'Devil take the horse!' cried
the gentleman. 'Well, tell him
I'll think about it,' he added,
after a moment's reflection.
He cast a searching glance at
me, as the servant withdrew,
expecting to see some token of
deep astonishment and alarm;
but, being previously prepared,
I preserved an aspect of stoical
indifference. His countenance
fell as he met my steady gaze,
and he turned away in very obvious
disappointment, and walked up
to the fire-place, where he stood
in an attitude of undisguised
dejection, leaning against the
chimney-piece with his forehead
sunk upon his arm.
'Where do you want to go, Arthur?'
'To London,' replied he, gravely.
'What for?' I asked.
'Because I cannot be happy
'Because my wife doesn't love
'She would love you with all
her heart, if you deserved it.'
'What must I do to deserve
This seemed humble and earnest
enough; and I was so much affected,
between sorrow and joy, that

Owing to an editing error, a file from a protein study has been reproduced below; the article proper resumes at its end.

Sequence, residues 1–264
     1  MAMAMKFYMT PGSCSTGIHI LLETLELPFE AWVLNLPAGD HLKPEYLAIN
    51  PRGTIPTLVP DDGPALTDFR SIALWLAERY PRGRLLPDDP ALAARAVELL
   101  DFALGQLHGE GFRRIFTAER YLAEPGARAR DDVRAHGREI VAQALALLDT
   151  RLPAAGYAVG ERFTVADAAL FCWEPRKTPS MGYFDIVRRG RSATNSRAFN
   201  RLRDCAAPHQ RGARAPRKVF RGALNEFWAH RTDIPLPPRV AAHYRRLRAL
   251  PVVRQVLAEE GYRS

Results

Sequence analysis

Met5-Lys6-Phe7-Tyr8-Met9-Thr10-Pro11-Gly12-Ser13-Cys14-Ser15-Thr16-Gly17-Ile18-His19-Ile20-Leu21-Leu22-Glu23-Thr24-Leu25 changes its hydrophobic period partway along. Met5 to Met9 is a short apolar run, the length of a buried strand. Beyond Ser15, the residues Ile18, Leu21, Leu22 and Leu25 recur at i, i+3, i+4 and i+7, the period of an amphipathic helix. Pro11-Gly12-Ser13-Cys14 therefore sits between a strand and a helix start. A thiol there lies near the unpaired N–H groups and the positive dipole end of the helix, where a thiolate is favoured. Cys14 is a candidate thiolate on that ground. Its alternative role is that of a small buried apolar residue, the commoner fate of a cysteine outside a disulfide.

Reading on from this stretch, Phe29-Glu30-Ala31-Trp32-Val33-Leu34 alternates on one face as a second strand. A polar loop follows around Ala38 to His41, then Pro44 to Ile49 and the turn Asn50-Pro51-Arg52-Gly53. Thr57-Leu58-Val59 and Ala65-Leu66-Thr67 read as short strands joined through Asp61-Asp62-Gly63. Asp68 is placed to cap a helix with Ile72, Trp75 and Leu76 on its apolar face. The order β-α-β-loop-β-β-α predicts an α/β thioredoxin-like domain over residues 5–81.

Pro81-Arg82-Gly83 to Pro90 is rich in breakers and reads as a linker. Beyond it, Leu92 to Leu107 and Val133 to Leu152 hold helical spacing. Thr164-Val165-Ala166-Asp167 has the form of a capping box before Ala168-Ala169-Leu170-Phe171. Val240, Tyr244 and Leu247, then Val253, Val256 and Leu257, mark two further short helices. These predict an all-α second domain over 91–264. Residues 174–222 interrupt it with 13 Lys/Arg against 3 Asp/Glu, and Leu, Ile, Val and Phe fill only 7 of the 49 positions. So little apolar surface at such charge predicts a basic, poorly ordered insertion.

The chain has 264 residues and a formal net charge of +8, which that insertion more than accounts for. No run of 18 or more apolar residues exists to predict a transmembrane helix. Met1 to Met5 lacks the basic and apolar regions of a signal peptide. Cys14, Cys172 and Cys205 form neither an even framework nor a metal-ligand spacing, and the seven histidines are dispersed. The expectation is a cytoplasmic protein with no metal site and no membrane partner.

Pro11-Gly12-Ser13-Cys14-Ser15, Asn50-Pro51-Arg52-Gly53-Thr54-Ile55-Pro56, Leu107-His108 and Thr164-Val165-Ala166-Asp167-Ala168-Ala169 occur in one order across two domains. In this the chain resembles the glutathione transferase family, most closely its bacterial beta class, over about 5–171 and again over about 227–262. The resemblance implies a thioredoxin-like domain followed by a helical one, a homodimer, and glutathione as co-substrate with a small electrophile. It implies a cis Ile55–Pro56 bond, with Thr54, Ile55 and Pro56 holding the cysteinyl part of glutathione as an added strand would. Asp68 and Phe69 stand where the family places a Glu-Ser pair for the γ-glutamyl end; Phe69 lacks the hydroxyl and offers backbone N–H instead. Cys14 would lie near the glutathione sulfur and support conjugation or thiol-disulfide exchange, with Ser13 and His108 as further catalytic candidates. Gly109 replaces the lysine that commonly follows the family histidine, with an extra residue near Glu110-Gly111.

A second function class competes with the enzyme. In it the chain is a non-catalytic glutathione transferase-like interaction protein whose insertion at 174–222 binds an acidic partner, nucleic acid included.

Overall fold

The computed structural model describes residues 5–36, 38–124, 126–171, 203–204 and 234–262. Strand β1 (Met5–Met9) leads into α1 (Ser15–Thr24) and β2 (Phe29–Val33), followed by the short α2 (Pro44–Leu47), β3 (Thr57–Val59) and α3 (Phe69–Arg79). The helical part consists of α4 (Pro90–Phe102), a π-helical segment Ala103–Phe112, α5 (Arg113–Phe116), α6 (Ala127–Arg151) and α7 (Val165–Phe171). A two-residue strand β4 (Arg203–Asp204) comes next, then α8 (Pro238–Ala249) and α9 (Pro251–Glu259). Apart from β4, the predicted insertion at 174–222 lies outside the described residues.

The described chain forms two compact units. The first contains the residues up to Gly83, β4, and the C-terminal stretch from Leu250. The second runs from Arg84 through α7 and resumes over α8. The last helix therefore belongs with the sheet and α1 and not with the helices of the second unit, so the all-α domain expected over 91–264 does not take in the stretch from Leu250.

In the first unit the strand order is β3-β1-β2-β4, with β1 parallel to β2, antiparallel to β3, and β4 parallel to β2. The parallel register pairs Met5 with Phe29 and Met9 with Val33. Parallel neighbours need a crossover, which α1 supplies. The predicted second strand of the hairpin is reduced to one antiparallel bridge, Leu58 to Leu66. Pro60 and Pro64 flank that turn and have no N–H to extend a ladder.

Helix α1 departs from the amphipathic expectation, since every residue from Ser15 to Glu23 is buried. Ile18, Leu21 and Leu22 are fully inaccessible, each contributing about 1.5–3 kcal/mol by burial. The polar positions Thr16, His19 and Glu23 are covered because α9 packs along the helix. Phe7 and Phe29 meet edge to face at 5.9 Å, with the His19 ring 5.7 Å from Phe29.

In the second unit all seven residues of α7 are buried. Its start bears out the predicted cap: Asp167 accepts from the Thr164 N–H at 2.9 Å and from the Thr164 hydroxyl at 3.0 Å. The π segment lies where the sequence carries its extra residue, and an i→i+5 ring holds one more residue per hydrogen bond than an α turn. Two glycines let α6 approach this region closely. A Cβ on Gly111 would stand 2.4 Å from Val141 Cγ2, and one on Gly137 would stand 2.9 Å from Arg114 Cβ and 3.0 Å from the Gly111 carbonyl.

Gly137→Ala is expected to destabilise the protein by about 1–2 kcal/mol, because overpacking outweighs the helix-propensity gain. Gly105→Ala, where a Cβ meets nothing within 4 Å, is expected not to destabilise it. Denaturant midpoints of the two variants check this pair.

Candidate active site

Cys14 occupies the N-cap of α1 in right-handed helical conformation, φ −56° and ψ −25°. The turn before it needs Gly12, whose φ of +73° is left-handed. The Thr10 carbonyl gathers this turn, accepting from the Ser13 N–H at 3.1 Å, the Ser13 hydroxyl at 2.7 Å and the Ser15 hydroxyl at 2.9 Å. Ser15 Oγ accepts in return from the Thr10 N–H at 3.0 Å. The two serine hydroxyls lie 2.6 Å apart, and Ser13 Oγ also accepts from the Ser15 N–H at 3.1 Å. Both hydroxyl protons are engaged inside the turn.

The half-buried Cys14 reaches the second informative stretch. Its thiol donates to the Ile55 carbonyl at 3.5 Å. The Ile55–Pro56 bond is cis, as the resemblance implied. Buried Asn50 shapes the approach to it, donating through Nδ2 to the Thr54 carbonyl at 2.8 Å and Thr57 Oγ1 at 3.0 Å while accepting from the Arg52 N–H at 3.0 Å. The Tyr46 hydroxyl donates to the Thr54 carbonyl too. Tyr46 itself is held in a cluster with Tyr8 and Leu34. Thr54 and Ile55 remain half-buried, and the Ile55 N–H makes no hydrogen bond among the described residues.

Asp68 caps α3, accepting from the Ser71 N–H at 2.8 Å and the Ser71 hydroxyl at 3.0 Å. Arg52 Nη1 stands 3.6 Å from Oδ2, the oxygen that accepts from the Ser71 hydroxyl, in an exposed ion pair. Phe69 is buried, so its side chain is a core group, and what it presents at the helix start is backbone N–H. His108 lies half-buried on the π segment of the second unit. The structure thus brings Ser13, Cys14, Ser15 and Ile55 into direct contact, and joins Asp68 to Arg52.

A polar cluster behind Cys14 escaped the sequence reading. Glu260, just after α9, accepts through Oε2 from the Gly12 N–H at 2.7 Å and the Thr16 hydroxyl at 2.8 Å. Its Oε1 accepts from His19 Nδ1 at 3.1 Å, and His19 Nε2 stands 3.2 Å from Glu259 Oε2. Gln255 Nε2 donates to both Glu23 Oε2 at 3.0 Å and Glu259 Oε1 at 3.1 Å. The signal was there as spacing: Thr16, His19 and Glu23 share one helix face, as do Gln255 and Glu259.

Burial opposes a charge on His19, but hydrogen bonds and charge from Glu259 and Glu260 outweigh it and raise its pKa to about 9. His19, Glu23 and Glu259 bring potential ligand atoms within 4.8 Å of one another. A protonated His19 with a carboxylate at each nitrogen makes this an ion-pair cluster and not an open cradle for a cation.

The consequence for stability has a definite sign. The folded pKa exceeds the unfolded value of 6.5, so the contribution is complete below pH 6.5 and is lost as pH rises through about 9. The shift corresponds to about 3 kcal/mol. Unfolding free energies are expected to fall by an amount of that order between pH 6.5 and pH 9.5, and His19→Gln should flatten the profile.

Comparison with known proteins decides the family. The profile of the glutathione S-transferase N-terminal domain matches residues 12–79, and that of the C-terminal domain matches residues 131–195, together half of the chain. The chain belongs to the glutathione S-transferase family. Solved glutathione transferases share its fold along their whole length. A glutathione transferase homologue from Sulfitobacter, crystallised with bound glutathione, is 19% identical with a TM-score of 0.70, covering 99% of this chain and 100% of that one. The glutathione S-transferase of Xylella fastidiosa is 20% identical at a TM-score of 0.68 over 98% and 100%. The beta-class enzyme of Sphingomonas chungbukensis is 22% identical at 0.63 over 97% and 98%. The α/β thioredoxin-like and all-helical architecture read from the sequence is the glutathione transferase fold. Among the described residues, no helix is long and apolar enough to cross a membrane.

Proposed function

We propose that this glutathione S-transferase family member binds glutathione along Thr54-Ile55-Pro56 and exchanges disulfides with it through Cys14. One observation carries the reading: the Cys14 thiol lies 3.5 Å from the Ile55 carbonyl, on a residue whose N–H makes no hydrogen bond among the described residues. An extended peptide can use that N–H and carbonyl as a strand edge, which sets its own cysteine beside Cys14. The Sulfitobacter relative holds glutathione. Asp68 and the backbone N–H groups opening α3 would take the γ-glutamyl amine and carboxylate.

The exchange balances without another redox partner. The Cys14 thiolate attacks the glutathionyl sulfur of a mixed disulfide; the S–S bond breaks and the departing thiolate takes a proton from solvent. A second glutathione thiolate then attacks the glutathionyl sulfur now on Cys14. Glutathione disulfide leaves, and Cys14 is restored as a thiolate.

I was obliged to pause a few
seconds before I could steady
my voice to reply.
'If she gives you her heart,'
said I, 'you must take it, thankfully,
and use it well, and not pull
it in pieces, and laugh in her
face, because she cannot snatch
He now turned round, and stood
facing me, with his back to the
fire. 'Come, then, Helen, are
you going to be a good girl?'
This sounded rather too arrogant,
and the smile that accompanied
it did not please me. I therefore
hesitated to reply. Perhaps my
former answer had implied too
much: he had heard my voice falter,
and might have seen me brush
away a tear.
'Are you going to forgive me,
Helen?' he resumed, more humbly.
'Are you penitent?' I replied,
stepping up to him and smiling
in his face.
'Heart-broken!' he answered,
with a rueful countenance, yet